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Finance Act 2012

Chapter 17- Apportionment of a CFC’s chargeable profits and creditable tax

314.New section 371QA introduces Chapter 17, which contains the rules for apportioning the CFC’s chargeable profits and creditable tax, for an accounting period, among the relevant persons for the purposes of step 3 in section 371BC(1).

315.New section 371QB contains provision about interpretation for the purposes of Chapter 17.

316.New subsection (2) applies the interpretation provisions contained in section 371OB to Chapter 17 in the same way as they apply to Chapter 15. These provisions largely deal with the meaning of direct and indirect interests in a company. They specify by whom an interest is treated as held when it is held in a trust.

317.New subsections (3) and (4) define “ordinary shares”. This is required for applying the first of the two basic apportionment rules in new section 371QC. It means, for any company, shares of a single class (however described) which is the only class of share issued by the company. The term “share” can also refer to a fraction of a share. Shares issued by a company belong to different classes if they are paid up to different amounts.

318.New subsection (5) describes when a person ‘indirectly’ holds ordinary shares in a CFC. This occurs when the person directly holds shares in a company “share-linked” to the CFC. The expression “share-linked” is defined in new subsection (6); it essentially means the holding of ordinary shares in the CFC via a chain of companies. The companies in the chain are the “intermediate interest” holders, defined in new section 371QC(6).

319.New section 371QC gives the two basic rules for how an apportionment of chargeable profits should be calculated. New section 371QD provides how an apportionment is to be made under the first basic rule and sections 371 QE and 371QF elaborate upon that rule. Section 371QD, which applies if certain conditions are met, involves a formulaic approach that requires the multiplying together of indirect interests in the CFC through the chain of companies to arrive at the apportionment percentage. If there is more than one chain leading to the same CFC then the relevant interests through each chain are aggregated. If the conditions for the formulaic approach are not met then, under the second basic rule, a just and reasonable approach is to be applied.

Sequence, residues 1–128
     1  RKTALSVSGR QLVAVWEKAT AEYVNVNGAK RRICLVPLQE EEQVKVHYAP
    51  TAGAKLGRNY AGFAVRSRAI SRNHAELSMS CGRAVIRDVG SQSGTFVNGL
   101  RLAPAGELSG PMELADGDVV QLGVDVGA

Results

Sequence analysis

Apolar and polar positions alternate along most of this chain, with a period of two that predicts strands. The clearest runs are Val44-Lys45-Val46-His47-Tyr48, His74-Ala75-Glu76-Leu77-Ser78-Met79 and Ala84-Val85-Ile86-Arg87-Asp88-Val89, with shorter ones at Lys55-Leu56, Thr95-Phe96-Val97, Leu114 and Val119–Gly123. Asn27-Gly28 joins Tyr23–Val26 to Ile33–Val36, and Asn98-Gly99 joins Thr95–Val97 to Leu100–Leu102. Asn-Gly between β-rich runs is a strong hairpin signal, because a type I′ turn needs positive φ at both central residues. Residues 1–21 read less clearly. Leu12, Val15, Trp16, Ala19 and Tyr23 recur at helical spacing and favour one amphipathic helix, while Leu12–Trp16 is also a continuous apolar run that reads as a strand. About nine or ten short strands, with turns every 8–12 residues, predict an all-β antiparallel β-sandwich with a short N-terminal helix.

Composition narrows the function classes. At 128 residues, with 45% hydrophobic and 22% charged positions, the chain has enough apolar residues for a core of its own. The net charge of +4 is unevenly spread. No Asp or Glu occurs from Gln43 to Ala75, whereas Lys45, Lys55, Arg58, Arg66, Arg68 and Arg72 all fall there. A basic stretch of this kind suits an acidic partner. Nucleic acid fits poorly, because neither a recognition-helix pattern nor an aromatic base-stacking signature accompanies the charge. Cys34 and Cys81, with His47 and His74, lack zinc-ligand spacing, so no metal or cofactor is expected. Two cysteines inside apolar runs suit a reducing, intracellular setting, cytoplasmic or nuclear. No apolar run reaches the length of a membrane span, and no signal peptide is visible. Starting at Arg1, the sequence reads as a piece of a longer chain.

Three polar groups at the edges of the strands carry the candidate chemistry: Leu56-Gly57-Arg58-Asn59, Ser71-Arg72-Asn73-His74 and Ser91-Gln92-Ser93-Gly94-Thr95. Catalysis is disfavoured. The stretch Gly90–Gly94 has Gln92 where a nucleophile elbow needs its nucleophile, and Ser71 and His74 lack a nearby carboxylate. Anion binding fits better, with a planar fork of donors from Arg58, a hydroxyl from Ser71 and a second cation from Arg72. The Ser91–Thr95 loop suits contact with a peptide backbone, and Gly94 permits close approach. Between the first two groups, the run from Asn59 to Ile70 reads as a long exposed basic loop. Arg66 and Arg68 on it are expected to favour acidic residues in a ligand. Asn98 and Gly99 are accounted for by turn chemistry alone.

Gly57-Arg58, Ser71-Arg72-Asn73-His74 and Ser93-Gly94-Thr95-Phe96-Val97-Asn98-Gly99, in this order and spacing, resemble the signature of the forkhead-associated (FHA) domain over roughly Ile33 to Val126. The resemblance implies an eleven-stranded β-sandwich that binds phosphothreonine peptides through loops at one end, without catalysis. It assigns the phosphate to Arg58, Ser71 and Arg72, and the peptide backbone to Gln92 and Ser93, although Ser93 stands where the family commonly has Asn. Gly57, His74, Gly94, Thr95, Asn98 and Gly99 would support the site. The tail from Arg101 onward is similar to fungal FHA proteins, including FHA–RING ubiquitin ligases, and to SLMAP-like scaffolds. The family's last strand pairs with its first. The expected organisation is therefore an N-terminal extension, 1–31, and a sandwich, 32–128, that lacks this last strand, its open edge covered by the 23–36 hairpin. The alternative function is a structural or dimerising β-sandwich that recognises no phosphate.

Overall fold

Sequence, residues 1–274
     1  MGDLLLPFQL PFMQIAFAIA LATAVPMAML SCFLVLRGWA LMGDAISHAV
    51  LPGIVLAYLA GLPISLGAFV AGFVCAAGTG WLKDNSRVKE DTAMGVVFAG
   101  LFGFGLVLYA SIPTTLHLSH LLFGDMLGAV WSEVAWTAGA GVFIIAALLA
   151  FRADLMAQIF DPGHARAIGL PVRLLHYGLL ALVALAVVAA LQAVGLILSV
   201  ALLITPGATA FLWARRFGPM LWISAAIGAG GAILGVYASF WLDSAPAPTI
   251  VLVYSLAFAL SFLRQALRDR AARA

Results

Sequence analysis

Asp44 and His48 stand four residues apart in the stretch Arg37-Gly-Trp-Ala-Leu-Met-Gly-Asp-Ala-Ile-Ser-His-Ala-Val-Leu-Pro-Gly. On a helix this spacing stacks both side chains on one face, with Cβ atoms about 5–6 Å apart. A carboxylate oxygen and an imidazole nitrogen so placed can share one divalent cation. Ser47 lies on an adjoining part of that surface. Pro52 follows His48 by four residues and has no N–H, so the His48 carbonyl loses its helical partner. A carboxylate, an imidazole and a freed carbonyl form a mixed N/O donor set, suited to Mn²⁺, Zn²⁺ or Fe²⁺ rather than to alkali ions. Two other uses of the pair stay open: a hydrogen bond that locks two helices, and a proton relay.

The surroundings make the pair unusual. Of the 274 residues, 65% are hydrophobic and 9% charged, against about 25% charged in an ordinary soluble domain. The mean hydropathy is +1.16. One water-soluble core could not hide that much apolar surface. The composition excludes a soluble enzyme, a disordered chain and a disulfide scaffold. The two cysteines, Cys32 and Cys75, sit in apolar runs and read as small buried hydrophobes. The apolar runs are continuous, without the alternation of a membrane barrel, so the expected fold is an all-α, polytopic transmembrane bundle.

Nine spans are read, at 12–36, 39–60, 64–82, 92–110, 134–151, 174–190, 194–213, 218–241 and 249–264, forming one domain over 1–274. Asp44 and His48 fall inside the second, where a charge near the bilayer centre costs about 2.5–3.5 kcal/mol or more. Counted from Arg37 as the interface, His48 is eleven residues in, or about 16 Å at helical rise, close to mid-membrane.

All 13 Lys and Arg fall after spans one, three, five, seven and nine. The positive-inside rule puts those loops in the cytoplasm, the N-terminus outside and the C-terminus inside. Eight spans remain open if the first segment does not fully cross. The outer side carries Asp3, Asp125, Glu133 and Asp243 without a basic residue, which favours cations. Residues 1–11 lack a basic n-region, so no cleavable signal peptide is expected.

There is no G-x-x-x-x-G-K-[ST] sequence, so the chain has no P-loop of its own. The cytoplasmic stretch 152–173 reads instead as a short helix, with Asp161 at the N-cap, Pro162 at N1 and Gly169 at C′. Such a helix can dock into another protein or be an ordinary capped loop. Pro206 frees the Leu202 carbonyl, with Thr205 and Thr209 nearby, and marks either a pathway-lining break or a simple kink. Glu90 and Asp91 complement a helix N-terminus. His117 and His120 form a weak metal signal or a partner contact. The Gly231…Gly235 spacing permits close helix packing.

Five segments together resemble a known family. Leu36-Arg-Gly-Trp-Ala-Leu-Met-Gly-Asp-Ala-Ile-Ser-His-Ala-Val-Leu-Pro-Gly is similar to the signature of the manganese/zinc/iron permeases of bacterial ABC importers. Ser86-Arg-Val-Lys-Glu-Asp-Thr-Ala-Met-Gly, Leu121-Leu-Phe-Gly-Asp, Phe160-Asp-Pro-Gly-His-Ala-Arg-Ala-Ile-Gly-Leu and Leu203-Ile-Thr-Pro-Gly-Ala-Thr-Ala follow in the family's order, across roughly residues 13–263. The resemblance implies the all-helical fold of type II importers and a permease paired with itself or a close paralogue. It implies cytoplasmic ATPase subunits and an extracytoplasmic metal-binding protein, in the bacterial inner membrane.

320.There are 3 conditions set out in new sections 371QC(3) to (5) that must be met for the formulaic approach in new section 371QD to apply:

  • Condition X is satisfied if the relevant persons have relevant interests in the CFC only by direct or indirect holding of ordinary shares in that CFC;

  • Condition Y is satisfied if each of the relevant persons has been either only UK resident, or only non-UK resident, throughout the accounting period; and

  • Condition Z is satisfied provided that any company with an intermediate interest in the CFC only has that interest from holding, directly or indirectly, ordinary shares in the CFC.

321.Where the conditions are met section 371QD applies to apportion chargeable profits and creditable tax to the relevant persons in proportion to their ordinary shareholdings in the CFC.

322.New section 371QD(4) provides that new section 371QE “Indirect shareholdings” and new section 371QF “Variable shareholdings” supplement the application of section 371QD.

323.New section 371QE explains how to calculate the percentage of a CFC’s issued shares that a relevant interest holding’s indirect interest represents. The calculation is illustrated in the following examples, in which the terms ‘P’ and ‘S’ take the meanings given in new section 371QE(2).

  • Example 1 – indirect shareholdings single chain

    Relevant person A owns 80 per cent of the shares in overseas company B, which in turn holds 90 per cent of the shares in overseas company C, which in turn holds 90 per cent of the issued ordinary shares in the CFC.

    The fractional interest A has in B is 0.80 and the fractional interest B has in C is 0.90. As C directly holds shares in the CFC its fractional interest is not counted. P is the product of the two fractions: 0.80 x 0.90 = 0.72.